Fellini – – The Sixties

Being there . . . . in 1963 with Federico Fellini, the Italian feature-film director, in Rimini, Italy,
his birthplace, with family and friends, as he celebrates his 43 rd birthday. Already, he is widely
heralded by both America’s great producer-directors and ordinary feature-film buffs as one of
the world’s most original, skilled, and beloved “novelists with a camera”. Meet other famous
attendee filmmakers, Italy’s Antonioni, India’s Ray, Poland’s Wajda, France’s Resnais and
Truffaut, etc. . . . .
Reviewed and highly recommended by Don DeNevi
“FELLINI – THE SIXTIES”, by Manoah Bowman, Foreword by Anita Ekberg, Afterword by Barbara
Steele. Running Press-Perseus Books Group: 2015, 10 1/2” x 11 1/4”, 303 pages, hc; $65. Visit:

In his superb article, “A Religion of Film”, TIME, September 20, 1963, critic Brad Darrach wrote,
“Imagination minus taste – in “I Vitelloni” (1953), he put together a conventional but faultless
social satire. In “La Strada” (1954), a poetic comedy, he followed in Chaplin’s footsteps but
couldn’t quite fill the little fellow’s shoes. In “La Dolce Vita” (1960), the film that made him and
actor Marcello Mastroianni famous around the world he constructed a spectacular travesty of
the Apocalypse in which the prophecy is luridly fulfilled and Rome, the Great Prostitute of
Revelation, wallows gorgeously through seven nights of destruction. In “8 ½” (1963) his most
daring film to date, he aimed his camera into his own psyche and let it record his fears and
fantasies, desires and despairs in a cinematic language that owes more to Joyce than it does to
D.W. Griffith.”
Brad’s point, of course, is that all these extraordinary features were shot with vivacity,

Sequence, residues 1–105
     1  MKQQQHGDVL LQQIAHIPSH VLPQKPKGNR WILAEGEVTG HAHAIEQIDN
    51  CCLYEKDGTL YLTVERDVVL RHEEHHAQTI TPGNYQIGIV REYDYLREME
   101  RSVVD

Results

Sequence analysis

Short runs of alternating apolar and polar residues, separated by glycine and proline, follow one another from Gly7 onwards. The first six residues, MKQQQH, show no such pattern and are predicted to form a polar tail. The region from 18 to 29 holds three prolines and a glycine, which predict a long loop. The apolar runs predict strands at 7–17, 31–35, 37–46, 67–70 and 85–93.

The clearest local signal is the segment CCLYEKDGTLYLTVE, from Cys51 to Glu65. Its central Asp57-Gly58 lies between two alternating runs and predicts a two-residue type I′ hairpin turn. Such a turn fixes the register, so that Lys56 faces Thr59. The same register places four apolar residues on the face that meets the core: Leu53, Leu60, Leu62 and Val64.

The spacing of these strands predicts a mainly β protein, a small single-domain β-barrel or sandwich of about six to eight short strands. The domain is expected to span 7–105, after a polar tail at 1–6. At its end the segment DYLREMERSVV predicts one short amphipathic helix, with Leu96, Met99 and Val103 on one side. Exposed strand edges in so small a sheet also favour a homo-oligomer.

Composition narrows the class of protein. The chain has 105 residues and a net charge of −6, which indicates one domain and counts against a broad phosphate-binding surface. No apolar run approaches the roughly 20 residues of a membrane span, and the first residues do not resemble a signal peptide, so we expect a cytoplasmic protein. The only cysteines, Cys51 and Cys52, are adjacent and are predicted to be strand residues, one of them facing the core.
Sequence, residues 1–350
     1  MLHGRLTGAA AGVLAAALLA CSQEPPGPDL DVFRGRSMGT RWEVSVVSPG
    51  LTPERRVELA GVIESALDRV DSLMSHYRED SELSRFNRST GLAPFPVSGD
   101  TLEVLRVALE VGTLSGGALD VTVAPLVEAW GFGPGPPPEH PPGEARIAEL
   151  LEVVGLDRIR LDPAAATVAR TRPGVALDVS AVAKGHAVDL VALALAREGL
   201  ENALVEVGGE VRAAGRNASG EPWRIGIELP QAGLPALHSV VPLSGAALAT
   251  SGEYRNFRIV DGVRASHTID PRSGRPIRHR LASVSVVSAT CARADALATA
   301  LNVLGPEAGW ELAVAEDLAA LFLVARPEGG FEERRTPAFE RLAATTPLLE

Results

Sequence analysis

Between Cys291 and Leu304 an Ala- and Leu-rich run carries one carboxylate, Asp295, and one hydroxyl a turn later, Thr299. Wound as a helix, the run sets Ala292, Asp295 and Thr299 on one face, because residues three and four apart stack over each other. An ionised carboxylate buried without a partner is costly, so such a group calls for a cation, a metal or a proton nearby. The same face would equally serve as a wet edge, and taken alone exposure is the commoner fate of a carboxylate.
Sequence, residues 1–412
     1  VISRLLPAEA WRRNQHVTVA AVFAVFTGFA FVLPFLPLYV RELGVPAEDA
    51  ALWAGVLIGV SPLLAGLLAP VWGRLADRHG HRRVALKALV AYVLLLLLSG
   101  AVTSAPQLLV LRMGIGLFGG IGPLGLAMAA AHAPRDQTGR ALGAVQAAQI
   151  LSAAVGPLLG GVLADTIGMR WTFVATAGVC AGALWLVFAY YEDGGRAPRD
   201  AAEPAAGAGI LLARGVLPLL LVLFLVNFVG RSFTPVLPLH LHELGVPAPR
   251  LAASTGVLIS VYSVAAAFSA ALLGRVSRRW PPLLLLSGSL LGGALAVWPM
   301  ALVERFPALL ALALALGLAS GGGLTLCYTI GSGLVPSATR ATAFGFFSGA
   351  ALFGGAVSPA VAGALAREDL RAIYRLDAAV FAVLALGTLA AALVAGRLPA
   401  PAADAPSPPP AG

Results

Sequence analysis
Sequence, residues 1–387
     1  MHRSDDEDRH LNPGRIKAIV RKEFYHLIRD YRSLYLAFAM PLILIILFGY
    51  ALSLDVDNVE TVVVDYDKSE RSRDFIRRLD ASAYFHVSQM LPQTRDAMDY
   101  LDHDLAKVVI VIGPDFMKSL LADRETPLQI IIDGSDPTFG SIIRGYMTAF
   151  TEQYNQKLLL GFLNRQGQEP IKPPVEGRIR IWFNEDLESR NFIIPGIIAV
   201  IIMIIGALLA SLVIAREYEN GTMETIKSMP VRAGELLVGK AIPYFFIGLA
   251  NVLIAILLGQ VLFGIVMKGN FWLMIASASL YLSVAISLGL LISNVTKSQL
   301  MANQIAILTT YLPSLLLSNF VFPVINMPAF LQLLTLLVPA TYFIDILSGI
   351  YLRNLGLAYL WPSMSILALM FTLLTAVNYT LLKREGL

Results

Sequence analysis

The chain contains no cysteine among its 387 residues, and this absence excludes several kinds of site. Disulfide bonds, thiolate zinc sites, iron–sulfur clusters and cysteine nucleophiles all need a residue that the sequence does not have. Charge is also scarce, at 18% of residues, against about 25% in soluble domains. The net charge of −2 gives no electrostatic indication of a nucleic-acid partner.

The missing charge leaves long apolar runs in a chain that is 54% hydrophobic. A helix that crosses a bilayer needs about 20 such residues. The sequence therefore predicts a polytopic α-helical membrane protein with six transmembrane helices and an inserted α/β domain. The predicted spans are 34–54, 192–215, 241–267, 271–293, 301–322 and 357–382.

challenge, courage, and good old Italian gusto – proving to the Master of Them All, Akira
Kurosawa, that was a force to reckon with, a rival without a Japanese sword. In his brilliant
piece, Brad Darrach argues that unfortunately Fellini’s imagination is not controlled by taste.
“He panders incessantly and shamelessly to the public letch for sensations. He is a vulgarian in
the grand manner, the Barnum of the avant-garde.” As for this simple reviewer who walked
into the darkness with a box of popcorn in hand, he was unaware what to expect in “8 ½” and
“La Dolce Vita”. Emerging into the sunlight after more than 2 hours later for each, he still yearns
for that man, a piece of the sun himself, to have devoted his energy and time, the money to
produce, that heart-endearing gentleness to have made MORE films such as his truly great “La
Strada” and “I Vitelloni”. If I had known him when he attended Bologna University, or began his
career as a cartoonist, journalist, and scriptwriter, I would have said, “Senti, listen, my friend,
sure, ‘La Dolce Vita’ will win you a top prize at the Cannes Film Festival as a “. . . success de
scandale” for its cynical evocation of modern Roman high life. But it is the love and warmth of

your wife Giulietta Masina in ‘La Strada’ and makes us cry, then cry again for film as the most
emotionally powerful of all Mankind’s arts and humanities”.
Author Manoah Bowman, a photograph, writer, and the proprietor of the independent Visions
Archive, a unique collection of imagery, ephemera, and original camera negatives now housed
in the Academy of Motion Pictures and Television, has given us a truly magnificent gift, one that
should never be absent from the living room coffee table. Visiting family and friends should be
introduced to Federico Fellini, come to know the meaning and imagination of the man, watch
his work that shows it, then decide for themselves his nature, lessons, and the incredible art
born of his mind translated into celluloid.

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